The strange stone structures similar to the one upo n which Holman and Verslun narrowly escaped being offered up as sacrifices to the Centipede are to be found in many islands of the Pacific at the present day. In the Tongan, Caroline, and Cook groups these peculiar stone ruins remain as evidence of the existence of an ancient people of superior intelligence to the islanders of to-day. As to the meaning or use of these structures w e are entirely in the dark. The natives of these groups know nothing concerning them, and the Polynesian builder in that dark past was too busy c lubbing and eating his neighbour to write histories. Scientists are in doubt, as in the case of the great ruins at Metalanim, whether they were built as sacr ificial altars or as monuments to ambitious chiefs, and there are no records to enlighten us. But these relics are convincing proofs that the islands have been inhabited for many hundreds of years, and we are left to conjecture regarding the origin and history of the people.
The Dance of the Centipede, which Holman and Verslun witnessed in the Long Gallery, can be seen to-day by any tourist who leaves the beaten paths. Every missionary to the islands can tell of "devil dances" that take place in secluded groves, and in which, to his great disgust, his converts often take part. It takes time to turn the savage from his old beliefs. Although the South Seas constitute the last fortress of romance, and a mention of the coral atolls immediately conjures up a vision of palms and rice-white beache s, the sensitive person senses the dark and bloody past when the wizard men were the rulers, and death stalked in the palm groves.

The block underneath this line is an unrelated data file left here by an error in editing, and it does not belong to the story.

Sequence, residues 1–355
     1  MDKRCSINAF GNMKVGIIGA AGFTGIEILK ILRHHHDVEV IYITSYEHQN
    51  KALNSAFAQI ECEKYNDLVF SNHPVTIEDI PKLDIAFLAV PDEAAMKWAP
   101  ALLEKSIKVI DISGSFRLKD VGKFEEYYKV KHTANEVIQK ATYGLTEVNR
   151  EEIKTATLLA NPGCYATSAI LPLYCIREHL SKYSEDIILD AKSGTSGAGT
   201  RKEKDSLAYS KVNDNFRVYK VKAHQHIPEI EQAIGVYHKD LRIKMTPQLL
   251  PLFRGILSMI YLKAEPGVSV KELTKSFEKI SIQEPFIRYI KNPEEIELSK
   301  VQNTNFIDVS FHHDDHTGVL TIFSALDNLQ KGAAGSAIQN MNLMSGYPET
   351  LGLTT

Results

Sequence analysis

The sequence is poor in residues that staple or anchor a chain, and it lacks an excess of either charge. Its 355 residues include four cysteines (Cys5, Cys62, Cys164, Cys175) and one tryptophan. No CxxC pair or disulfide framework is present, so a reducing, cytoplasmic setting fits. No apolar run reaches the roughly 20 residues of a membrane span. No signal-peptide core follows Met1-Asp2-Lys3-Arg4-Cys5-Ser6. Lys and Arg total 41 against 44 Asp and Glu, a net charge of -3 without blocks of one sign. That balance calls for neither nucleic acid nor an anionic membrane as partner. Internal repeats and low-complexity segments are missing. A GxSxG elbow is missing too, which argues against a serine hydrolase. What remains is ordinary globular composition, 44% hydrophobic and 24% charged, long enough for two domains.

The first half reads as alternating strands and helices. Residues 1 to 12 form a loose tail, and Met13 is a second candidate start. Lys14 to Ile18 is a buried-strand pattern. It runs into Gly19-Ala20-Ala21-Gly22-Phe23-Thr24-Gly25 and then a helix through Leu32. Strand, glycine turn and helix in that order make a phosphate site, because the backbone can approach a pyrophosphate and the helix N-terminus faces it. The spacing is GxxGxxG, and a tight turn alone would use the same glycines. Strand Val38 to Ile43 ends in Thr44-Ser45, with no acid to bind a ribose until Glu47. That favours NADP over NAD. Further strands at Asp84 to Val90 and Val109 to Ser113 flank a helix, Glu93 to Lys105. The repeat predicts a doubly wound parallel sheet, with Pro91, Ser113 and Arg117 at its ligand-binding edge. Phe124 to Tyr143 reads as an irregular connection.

New York, March, 1912.
The Song of the Maori The Professor's Daughters A Knife From the Dark The Storm I Make a Promise The Isle of Tears The Pit The Ledge of Death Into the Valley of Echoes A Midnight Alarm Kaipi Performs a Service The Devil Dancers Tombs of Silence Back to the Camp A Day of Skirmishing The Stone Table Beneath the Centipede Barbara's Messenger Leith Scores The Black Kindergarten Together Again The White Waterfall The Wizard's Seat The Way to Heaven
There is a Tongan proverb which tells us that only fools and children lie awake during hours that could be devoted to slumber, and it is a wise proverb when you judge it from a Polynesian standpoint. No special preparations are required for slumber in the last haunts of Romance, and as one does not lose caste by dozing in public, the South Sea dweller sees no reason for remaining awake when he could be peacefully sleeping. The shade of a palm tree furnishes an ideal resting place, and if a dog fight occurs in the grass-grown street, he